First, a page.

Facing the suburb of Ploce is the wooded island of LOKRUM, 1km to the southeast. Reputedly the island where Richard the Lionheart was shipwrecked, it was bought in 1859 by Maximilian von Habsburg, Archduke of Austria (and subsequently Emperor of Mexico). He transformed a former Benedictine monastery here into his summer palace, created a botanical garden which he stocked with exotic plants and cacti, and wrote bad verse alaout the island's beauty. After Maximilian's death in 1867,  the Habsburgs sold the island to a local businessman eager to turn it into a health resort, only to buy it back on behalf of Emperor Franz-Josef's son Rudolf, who wintered here to soothe his bronchial chest.

Boats leave for Lokran from the old town's port every half-hour, and take ten minutes. Unfortunately you can't visit the monastery – just up from the island's jetty – although you can look around the cloister (now home to a restaurant) and wander around Maximilian's Botanical Garden next door, where odd varieties of giant triffid-like cactus look as if they could swallow you whole. The best of the (largely rocky) beaches are beyond the monastery on the island's southwest side, where you'll find a small salt lake just inland, and a naturist beach at the island's southern tip.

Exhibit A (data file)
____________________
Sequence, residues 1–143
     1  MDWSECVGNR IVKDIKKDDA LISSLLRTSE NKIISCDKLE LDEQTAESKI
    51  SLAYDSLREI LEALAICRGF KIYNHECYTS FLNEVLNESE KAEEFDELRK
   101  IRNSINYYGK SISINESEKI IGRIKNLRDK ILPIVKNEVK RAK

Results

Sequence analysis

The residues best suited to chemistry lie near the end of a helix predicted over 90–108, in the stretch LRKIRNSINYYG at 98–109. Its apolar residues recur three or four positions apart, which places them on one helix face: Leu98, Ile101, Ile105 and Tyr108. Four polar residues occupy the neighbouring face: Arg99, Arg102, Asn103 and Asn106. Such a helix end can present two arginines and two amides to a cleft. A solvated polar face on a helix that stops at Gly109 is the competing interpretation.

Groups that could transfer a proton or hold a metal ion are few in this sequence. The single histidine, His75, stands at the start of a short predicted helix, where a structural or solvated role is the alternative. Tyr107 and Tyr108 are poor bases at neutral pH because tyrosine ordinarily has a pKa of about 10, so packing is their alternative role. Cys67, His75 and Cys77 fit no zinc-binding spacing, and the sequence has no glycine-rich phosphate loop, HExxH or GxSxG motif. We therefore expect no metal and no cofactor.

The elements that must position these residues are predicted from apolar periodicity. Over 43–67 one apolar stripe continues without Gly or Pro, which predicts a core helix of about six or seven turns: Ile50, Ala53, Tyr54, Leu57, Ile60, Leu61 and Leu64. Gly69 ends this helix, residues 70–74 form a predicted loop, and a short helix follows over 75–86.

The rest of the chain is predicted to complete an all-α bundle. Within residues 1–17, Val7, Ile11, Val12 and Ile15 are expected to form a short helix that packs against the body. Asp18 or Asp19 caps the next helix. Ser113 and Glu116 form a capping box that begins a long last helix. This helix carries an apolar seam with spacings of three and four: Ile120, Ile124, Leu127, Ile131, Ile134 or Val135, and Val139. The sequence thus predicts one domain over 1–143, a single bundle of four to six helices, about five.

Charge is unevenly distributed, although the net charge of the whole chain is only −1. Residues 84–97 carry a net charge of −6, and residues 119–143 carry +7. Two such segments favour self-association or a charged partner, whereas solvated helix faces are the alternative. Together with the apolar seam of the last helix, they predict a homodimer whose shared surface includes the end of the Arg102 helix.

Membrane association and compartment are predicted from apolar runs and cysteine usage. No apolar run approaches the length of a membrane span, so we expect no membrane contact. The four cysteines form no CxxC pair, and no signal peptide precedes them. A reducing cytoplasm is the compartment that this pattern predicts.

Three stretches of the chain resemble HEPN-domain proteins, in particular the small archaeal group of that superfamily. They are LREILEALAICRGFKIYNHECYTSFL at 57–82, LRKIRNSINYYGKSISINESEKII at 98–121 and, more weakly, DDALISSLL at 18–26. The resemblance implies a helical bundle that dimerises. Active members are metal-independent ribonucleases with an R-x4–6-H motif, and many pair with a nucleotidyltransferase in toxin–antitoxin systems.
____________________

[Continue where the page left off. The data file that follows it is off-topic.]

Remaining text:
Shady paths overhungby pines run round the northern part of the island, with tracks leading uphill towards Fort Royal, a gun position left by the Napoleonic French whose grey, menacing ramparts rise rather suddenly from the jungle-like greenery covering the island's central ridge.

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